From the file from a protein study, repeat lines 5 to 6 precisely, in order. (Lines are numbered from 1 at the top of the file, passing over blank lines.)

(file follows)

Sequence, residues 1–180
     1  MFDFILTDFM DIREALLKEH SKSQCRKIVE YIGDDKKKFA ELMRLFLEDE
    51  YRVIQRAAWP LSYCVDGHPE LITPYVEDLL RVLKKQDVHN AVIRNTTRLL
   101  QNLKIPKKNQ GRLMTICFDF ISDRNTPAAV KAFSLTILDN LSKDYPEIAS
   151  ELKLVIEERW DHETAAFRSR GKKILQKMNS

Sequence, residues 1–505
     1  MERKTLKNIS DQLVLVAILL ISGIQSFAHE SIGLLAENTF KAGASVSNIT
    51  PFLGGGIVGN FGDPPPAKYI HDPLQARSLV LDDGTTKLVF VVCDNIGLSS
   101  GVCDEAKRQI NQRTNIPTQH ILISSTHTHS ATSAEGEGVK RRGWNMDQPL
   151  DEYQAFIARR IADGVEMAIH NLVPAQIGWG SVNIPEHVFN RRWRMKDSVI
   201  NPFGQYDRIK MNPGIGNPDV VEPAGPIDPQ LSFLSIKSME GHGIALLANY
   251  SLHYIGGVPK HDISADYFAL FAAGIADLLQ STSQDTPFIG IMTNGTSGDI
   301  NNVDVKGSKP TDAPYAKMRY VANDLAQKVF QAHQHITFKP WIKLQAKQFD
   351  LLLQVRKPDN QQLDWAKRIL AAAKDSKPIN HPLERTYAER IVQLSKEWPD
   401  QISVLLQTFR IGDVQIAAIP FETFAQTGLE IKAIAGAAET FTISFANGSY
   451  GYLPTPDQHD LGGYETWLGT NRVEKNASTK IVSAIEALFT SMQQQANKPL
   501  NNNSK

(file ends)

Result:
   151  ELKLVIEERW DHETAAFRSR GKKILQKMNS

Sequence, residues 1–505